Craig D. Turnbull

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The Montgomery-Asberg Depression Scale was evaluated in 44 depressed inpatients. All items of the scale occurred frequently in the sample; the scale exhibited construct validity (internal homogeneity) and concurrent validity relative to the Hamilton Depression Scale and the concepts of endogenous and nonendogenous depression. Sleep disturbance, reduced(More)
Red blood cell catechol-O-methyltransferase (COMT) activity was compared across different depressive diagnoses. In a sample of 88 depressed inpatients, using defined criteria, no difference was found in respect of enzyme activity and the following categories: primary, secondary, delusional, nondelusional, endogenous, nonendogenous (neurotic),(More)
Five scales were evaluated for the diagnosis of melancholia or endogenous depression. Of 21 total items, none appeared in all five scales, but four items occurred in four of the scales: autonomy of mood, prevasive anhedonia, psychomotor change, and guilt. Vegetative changes were represented inconsistently, with anorexia and weight loss in three scales, as(More)
The diagnostic importance of vegetative symptoms for melancholia was examined through DSM-III, the Newcastle Scale, and Extracted Criteria for melancholia. Statistically significant differences were diagnostically unimpressive in the case of DSM-III and the Newcastle criteria. With the Extracted Criteria, initial insomnia, early waking, anorexia, weight(More)
Retrospective comparisons between primary unipolar depression and depression secondary to anxiety in 65 inpatients revealed a number of differences. Secondary depression was associated with a significantly higher incidence of neurotic traits in childhood, chronic unhappiness, and unsupportive family. Tricyclic antidepressants and ECT were both more(More)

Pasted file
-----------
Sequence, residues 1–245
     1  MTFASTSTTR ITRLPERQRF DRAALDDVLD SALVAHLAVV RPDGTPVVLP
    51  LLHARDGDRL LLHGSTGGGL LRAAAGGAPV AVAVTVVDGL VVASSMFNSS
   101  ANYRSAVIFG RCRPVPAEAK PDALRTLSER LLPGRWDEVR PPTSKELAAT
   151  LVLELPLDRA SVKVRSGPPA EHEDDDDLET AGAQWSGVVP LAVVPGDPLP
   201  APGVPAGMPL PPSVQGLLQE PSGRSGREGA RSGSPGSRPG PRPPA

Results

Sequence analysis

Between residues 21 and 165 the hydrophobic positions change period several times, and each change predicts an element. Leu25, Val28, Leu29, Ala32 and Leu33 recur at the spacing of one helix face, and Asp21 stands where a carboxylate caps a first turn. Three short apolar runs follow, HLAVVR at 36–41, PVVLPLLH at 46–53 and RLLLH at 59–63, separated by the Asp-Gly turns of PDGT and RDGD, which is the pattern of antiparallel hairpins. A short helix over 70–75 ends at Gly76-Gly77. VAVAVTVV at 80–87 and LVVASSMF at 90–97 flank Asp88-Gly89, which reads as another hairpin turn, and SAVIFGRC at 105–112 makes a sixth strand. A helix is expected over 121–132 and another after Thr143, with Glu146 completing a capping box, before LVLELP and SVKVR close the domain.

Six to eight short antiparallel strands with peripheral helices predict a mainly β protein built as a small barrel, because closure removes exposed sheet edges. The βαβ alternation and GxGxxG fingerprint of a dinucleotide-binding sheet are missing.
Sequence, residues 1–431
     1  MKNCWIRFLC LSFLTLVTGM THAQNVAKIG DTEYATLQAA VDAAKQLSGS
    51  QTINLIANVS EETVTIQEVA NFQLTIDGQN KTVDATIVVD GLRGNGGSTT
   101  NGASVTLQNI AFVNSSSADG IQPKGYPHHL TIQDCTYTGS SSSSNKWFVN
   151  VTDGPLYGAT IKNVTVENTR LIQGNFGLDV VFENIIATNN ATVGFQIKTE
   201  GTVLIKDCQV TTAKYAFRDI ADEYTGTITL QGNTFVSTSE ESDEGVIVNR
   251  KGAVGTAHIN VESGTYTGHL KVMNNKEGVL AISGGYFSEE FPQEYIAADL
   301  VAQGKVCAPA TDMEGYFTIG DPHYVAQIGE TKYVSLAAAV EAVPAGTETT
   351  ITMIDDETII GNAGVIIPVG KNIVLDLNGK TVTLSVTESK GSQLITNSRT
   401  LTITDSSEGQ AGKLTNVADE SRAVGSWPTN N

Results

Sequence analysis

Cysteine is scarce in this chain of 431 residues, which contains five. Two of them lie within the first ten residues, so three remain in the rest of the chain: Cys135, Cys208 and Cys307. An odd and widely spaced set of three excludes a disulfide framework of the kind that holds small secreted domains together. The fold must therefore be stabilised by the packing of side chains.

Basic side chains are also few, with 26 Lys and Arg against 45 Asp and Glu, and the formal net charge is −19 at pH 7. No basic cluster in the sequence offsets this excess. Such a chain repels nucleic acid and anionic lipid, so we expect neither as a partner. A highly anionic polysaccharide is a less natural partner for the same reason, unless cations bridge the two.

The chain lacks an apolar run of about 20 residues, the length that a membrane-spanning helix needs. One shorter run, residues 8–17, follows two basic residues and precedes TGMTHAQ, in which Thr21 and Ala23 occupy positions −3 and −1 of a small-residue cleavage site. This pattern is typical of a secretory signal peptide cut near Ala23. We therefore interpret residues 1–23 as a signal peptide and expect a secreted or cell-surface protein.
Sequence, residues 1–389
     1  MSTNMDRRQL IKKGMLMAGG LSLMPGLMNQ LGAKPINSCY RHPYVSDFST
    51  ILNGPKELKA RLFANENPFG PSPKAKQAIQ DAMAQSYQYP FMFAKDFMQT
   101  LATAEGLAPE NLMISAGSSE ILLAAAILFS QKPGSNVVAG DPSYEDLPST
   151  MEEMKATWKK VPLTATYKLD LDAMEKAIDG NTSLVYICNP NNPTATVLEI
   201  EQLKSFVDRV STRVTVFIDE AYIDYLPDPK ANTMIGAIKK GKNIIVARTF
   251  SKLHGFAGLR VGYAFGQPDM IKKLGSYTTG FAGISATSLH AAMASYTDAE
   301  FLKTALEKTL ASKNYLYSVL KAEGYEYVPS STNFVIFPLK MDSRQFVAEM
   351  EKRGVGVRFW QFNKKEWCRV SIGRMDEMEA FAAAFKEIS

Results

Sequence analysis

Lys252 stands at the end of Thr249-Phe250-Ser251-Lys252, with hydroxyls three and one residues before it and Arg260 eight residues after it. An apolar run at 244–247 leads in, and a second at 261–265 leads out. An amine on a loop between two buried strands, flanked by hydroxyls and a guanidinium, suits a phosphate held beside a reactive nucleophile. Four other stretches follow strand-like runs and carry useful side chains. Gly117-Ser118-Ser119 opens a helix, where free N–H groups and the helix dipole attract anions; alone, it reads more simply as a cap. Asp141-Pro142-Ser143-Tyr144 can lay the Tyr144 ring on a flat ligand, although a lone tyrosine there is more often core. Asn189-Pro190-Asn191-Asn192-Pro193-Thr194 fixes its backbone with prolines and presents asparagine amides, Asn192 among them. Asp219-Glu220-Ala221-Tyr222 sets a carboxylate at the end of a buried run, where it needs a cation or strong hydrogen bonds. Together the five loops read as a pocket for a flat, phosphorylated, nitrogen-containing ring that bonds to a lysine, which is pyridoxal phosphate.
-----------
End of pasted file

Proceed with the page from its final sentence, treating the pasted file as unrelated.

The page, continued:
Phenelzine and imipramine were compared double-blind, in 43 depressed inpatients. A placebo week preceded drug treatment; this allowed early identification of placebo responders who did not therefore enter the study. After three weeks treatment, the two drugs were equally effective on Hamilton, Beck and SCL-90 measures of depression and anxiety. On the the(More)
In a fixed-dose inpatient study, isocarboxazid produced a dose-related lowering of systolic blood pressure at weeks 2 and 4. Systolic blood pressure was also lowered by the drug in a placebo-controlled outpatient study. The magnitude of these reductions was considerable, reaching an average of 14.6 mm in inpatients who received a 50-mg dose, and 18.7 mm in(More)
In a pilot study, 32 patients with mixed states of anxiety, depression, somatization and panic received amitriptyline for 4 weeks, the dose ranging from 50 to 300 mg/day. Steady-state plasma levels of the drug and activity of platelet monoamine oxidase were measured after 4 weeks. Clinical change was rated, using the SCL-90. Amitriptyline produced a small(More)